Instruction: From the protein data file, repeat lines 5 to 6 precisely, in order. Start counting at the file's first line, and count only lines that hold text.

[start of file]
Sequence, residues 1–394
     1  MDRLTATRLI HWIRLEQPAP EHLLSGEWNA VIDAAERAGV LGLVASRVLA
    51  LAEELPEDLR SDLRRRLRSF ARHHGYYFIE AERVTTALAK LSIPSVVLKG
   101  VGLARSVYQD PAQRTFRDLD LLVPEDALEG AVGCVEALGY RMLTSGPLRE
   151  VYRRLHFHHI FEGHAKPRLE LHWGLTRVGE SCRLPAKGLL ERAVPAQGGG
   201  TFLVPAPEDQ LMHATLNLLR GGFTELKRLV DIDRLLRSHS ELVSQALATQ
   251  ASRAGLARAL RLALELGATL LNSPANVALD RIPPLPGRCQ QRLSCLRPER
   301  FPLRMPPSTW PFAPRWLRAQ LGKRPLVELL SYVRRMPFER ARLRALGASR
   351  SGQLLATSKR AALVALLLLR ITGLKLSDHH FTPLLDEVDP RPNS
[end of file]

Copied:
   151  VYRRLHFHHI FEGHAKPRLE LHWGLTRVGE SCRLPAKGLL ERAVPAQGGG
   201  TFLVPAPEDQ LMHATLNLLR GGFTELKRLV DIDRLLRSHS ELVSQALATQ